Singing “(Got On My) Traveling Shoes,” became a part of his sermons when he would preach as a child, and his mother urged him to improve how he would sing the song.
“She said, ‘Lovie, I love that song, but you just said that one verse too many times,’” Turner recalled. “So, the next time I preached, I added another verse.”
Turner, who turned 57 in August, kept adding verses to the song each time he preached. At 13, his unique style earned him an invite to a church in Atlanta, Georgia, where he first adopted the name of the gospel song as his own.
“As they got ready to introduce me, the pastor said, ‘Oh, he don’t need ‘Amazing Grace,’ he’s got his own song. That’s the ‘Traveling Shoes’ preacher.’ [I] came back to Birmingham, and it stuck,” Turner said.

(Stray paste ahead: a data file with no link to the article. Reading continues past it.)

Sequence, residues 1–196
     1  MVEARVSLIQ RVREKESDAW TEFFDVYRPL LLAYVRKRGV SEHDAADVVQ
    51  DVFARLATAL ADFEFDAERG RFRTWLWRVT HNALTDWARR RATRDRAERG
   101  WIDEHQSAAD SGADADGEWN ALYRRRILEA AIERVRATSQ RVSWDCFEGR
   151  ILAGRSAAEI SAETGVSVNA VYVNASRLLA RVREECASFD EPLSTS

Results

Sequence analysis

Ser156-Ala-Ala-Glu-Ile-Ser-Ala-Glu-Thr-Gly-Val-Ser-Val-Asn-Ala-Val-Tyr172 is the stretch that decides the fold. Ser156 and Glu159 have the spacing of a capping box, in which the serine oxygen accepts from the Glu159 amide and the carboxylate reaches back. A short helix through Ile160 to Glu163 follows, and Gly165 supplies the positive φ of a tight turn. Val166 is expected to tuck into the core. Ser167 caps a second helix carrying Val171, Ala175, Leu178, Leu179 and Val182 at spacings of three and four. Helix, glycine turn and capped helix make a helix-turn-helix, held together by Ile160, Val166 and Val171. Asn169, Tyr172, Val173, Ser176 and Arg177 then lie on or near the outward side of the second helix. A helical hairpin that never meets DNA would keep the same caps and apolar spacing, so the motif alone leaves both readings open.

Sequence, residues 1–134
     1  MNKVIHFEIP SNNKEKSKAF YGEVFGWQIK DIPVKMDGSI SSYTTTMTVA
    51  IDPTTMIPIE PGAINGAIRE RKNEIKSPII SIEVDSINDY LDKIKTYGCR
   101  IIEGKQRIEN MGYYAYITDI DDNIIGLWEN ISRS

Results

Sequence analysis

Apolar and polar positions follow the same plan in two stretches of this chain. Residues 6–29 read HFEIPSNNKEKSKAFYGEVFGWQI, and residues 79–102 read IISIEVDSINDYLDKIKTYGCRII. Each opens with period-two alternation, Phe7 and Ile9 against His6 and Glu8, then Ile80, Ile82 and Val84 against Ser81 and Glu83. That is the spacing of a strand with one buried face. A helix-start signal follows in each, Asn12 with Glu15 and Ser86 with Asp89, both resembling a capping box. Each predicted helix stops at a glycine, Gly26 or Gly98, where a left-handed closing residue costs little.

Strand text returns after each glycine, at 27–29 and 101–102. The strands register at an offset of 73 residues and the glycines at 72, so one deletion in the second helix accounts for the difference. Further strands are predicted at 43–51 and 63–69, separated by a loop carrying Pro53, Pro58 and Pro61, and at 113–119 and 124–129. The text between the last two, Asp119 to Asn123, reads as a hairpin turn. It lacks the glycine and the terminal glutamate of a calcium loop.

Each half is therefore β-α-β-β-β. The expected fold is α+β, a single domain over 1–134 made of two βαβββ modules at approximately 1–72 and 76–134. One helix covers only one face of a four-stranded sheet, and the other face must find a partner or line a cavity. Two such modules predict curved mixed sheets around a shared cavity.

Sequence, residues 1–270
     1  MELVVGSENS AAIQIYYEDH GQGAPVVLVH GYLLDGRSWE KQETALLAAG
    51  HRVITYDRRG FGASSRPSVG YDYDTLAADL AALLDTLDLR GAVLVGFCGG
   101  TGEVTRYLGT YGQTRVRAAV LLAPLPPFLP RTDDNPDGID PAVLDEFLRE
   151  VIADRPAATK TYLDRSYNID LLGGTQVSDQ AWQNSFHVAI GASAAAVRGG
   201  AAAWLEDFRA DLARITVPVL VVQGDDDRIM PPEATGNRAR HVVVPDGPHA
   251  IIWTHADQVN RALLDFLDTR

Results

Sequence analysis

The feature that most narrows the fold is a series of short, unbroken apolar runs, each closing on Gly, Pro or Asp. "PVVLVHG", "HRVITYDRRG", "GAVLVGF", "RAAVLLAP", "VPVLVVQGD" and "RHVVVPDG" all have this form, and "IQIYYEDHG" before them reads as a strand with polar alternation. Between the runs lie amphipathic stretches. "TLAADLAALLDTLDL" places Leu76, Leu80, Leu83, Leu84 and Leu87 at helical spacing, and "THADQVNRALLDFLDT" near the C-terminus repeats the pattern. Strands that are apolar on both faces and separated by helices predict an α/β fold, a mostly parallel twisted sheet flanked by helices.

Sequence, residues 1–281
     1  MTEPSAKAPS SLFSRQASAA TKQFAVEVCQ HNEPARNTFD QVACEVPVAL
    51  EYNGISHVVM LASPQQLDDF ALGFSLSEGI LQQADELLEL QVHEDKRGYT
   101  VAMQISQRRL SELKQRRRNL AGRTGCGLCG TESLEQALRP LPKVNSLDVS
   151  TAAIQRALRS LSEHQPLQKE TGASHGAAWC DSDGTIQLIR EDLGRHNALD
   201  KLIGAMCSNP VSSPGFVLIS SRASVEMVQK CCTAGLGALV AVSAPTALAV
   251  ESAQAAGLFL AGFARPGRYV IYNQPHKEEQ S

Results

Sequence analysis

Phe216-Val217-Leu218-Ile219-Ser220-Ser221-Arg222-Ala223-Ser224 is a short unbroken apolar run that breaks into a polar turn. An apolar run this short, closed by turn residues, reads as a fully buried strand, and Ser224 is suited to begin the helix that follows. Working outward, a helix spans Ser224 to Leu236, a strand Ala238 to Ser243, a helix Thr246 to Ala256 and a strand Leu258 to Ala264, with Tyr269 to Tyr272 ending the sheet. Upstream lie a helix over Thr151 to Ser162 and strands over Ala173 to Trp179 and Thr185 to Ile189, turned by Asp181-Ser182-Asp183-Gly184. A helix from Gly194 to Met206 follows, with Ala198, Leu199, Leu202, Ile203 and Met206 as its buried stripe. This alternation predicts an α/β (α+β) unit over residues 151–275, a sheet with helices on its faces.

Soon after graduating from the former L. Frazier Banks High School in Birmingham’s South East Lake neighborhood, Turner went to Amityville, New York, to visit his birth father, Harry Sr., and his wife, Anita, and began working in real estate with his father.
“The next time my mom saw me in Birmingham, I think I was the youngest real estate broker in New York,” Turner recalled.
After 12 years in New York, Turner grew tired of his lifestyle up North, with a marriage he’d been in since he was 19, his work in real estate, and trying to get to know his father and stepmother, who he didn’t grow up with.
“I’ll tell anybody, New York is so fast. You are talking about a kid coming out of high school, and all I knew was that you preach and go to church,” he said. “[Then I got] into real estate, where it’s a fast market. You’re the first one up [in the morning], you’re the last one to sleep, and I was trying to balance that with a marriage at a young age. … I [didn’t] have a foundation anymore.”